Sublethal effects of chromium-VI in the Asian clam (Potamocorbula amurensis).

Published

Journal Article

Previously, we have shown that Asian clams (Potamocorbula amurensis) with highest metallic body burdens have highest prevalence of disease and lowest reproduction. The present study was designed to assess and validate potential sublethal toxicity of hexavalent chromium (Cr-VI) in clams under controlled laboratory exposure. For 7 days, three replicates of clam (n = 10 per replicate) were exposed to aqueous solution containing 0.00, 0.92, 8.40, or 25.6 mg l-1 of Cr-VI at 15 degrees C and 15 g l-1 salinity. Mortality reached 100% in the 25.6 mg l-1 group within 7 days. There was no significant difference in mortality among the control, 0.92, and 8.40 mg l-1 groups. Western blot analyses revealed significantly elevated stress protein hsp70 levels in the 8.40 mg l-1 treatment group. Histopathologic analyses revealed mild digestive gland (DG) atrophy in the control group. Clams exposed to 0.92 mg l-1 Cr-VI showed moderate DG atrophy, moderate granulomatous inflammation and necrosis in DG, ovary and testis. Lesions observed in the 8.40 mg l-1 treatment group included severe DG atrophy, severe granulomatous inflammation and necrosis in byssal gland, DG, gill, kidney, ovary and testis. In gills and testes of treated groups, apoptotic cells outnumbered mitotic cells. In addition, gills from clams in the 8.40 mg l-1 group showed enhanced hsp70 staining. Our studies support a cause-effect relationship between contaminants and reduced health in Asian clams and indicate the DGs, gills, and reproductive organs are principal targets of Cr-VI toxicity at sublethal concentrations. Results from this study suggest that Cr-VI may have played a role in the increased incidence of diseased clams seen in previous studies and these adverse effects may be working to decrease clam populations at sites with highest metallic contamination in the San Francisco Bay Estuary.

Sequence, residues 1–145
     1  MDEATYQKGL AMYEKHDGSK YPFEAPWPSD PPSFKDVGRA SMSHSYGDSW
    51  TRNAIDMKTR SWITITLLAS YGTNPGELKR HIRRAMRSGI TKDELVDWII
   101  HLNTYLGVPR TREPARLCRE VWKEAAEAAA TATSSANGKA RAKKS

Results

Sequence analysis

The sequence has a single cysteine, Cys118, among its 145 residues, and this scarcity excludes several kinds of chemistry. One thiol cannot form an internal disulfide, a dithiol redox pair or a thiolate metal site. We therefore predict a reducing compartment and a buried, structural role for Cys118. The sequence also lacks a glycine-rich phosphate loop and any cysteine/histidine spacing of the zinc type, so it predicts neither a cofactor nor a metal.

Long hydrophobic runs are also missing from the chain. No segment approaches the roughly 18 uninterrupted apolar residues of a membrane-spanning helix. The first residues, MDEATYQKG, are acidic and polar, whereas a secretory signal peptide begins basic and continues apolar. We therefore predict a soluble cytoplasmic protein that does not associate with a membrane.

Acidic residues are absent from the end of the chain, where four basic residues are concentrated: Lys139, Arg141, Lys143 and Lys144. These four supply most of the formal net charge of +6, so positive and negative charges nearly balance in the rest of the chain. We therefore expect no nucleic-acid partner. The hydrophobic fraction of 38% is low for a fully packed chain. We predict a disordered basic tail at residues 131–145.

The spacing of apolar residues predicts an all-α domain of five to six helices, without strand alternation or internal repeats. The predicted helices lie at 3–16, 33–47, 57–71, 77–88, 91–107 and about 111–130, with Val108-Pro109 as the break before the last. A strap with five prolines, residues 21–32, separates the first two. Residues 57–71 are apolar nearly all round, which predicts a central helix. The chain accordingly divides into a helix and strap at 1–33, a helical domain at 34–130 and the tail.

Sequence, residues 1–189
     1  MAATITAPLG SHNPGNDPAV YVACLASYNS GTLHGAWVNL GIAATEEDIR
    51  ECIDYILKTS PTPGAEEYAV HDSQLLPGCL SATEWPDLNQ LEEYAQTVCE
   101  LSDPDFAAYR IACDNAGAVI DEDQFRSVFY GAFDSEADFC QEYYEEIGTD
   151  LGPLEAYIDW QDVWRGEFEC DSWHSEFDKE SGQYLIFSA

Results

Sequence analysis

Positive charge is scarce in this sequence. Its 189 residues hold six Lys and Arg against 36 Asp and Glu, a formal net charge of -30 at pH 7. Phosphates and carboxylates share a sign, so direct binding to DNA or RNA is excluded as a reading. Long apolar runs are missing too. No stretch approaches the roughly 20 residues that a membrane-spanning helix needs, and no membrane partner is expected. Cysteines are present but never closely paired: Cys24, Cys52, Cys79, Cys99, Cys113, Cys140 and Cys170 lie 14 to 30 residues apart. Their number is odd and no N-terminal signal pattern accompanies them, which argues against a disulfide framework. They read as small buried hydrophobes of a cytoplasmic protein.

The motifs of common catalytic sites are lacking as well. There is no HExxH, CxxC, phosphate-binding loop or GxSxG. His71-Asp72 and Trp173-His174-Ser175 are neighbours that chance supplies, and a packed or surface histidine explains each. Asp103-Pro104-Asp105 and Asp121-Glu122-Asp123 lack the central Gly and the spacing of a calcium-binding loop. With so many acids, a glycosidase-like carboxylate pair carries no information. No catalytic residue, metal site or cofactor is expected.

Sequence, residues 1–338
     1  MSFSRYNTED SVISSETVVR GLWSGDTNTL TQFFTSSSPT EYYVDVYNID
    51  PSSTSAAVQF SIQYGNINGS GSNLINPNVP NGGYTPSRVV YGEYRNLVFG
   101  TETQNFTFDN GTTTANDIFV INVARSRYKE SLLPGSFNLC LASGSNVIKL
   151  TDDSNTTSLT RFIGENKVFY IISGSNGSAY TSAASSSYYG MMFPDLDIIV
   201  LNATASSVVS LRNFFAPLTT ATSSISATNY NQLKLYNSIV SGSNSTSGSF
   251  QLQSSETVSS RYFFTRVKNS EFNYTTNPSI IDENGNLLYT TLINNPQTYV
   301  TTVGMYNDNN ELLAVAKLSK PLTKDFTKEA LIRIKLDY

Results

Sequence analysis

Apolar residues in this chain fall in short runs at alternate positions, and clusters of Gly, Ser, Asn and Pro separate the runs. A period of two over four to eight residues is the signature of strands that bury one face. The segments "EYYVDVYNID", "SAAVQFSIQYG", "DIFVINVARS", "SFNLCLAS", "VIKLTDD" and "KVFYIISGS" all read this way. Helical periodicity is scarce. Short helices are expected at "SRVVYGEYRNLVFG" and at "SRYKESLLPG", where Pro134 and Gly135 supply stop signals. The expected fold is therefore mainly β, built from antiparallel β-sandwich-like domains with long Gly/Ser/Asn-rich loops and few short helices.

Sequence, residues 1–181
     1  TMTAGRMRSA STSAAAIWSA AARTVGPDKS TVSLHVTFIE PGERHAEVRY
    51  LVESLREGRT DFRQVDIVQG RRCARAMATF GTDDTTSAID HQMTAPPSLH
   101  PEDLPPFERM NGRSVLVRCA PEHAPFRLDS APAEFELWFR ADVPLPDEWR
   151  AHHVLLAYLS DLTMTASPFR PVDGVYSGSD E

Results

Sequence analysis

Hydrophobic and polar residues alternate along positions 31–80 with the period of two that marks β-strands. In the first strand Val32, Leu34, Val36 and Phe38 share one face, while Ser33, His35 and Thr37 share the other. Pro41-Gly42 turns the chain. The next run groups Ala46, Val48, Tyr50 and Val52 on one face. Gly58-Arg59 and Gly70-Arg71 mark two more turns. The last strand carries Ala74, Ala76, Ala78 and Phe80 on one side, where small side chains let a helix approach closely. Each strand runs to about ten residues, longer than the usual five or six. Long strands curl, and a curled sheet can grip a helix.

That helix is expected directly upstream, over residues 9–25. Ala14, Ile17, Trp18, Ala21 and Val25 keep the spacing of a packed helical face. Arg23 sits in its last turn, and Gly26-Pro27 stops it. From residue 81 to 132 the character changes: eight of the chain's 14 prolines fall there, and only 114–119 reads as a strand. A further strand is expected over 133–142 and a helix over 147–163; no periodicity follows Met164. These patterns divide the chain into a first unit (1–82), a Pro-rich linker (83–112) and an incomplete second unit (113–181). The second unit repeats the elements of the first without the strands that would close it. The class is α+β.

Full Text

Duke Authors

Cited Authors

  • Teh, SJ; Werner, I; Hinton, DE

Published Date

  • July 2000

Published In

Volume / Issue

  • 50 / 1-5

Start / End Page

  • 295 - 300

PubMed ID

  • 11460708

Pubmed Central ID

  • 11460708

Electronic International Standard Serial Number (EISSN)

  • 1879-0291

International Standard Serial Number (ISSN)

  • 0141-1136

Digital Object Identifier (DOI)

  • 10.1016/s0141-1136(00)00086-6

Language

  • eng